A large section of the United States seems like it is getting eaten alive worse than usual this summer because of quirks in recent weather. It may be the worst in the Southeast, where after two years of drought when mosquito eggs laid dormant, there have been incredibly heavy rains much of the spring and summer. The rains have revived the dormant eggs, so the region is essentially getting three years’ worth of mosquitoes in one summer.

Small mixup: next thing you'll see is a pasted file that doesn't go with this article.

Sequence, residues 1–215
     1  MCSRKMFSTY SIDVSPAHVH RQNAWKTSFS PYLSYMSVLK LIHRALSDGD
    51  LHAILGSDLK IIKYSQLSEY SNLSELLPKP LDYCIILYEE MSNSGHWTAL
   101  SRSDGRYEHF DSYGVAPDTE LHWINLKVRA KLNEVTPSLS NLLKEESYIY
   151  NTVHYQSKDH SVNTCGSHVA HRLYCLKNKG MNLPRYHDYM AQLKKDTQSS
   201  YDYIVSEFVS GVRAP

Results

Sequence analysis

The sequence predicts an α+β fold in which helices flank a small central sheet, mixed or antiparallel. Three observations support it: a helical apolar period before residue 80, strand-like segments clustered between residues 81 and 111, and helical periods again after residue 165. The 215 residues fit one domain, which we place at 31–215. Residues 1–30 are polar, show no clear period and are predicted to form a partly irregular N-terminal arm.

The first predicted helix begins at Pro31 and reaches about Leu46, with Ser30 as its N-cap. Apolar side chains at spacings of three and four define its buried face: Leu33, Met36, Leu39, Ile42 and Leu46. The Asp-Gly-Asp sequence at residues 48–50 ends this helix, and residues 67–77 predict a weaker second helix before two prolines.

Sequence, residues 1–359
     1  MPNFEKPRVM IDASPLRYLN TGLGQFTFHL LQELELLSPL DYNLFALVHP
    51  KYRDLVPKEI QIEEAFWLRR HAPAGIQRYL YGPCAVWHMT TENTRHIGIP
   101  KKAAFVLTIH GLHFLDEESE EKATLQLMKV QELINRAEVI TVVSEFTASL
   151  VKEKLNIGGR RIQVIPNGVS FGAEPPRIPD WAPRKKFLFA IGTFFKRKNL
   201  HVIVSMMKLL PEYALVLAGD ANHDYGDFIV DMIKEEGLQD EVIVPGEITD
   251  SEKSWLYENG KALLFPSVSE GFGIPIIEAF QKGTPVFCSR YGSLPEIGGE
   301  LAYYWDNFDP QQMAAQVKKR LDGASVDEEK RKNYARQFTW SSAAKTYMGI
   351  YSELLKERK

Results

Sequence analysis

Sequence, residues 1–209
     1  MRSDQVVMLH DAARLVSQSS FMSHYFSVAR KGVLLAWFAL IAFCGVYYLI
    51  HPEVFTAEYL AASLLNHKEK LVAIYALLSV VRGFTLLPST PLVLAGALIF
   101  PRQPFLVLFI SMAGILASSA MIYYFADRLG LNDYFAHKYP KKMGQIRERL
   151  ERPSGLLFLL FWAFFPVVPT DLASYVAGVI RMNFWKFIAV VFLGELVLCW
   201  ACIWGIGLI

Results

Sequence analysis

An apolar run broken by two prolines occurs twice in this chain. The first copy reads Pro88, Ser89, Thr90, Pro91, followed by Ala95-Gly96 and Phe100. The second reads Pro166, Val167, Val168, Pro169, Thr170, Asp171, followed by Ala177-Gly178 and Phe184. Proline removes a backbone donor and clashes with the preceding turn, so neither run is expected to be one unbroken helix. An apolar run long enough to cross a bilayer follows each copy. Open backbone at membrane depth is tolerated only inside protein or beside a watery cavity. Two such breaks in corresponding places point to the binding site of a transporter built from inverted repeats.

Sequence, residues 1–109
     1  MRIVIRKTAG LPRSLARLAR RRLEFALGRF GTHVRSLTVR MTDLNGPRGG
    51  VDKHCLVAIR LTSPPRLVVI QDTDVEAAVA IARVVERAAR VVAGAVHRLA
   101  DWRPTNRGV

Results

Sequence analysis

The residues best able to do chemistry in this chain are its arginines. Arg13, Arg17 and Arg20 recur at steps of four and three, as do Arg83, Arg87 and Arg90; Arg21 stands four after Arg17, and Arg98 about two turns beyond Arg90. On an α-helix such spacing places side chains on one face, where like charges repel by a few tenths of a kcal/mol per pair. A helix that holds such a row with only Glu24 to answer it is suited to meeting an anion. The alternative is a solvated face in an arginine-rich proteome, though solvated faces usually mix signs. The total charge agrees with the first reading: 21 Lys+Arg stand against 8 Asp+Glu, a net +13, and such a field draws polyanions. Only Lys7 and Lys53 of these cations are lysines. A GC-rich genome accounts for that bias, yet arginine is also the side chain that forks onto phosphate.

In parts of Connecticut this summer, mosquito traps had double the usual number of bugs. Minnesota traps in July had about triple the 10-year average. And in central California, traps had five times as many of one key species as the recent average.
Humans have been battling the blood-drinking bugs for thousands of years, and despite man’s huge advantages in technology and size, people are not getting the upper hand. Just lots of bites on the hand. read more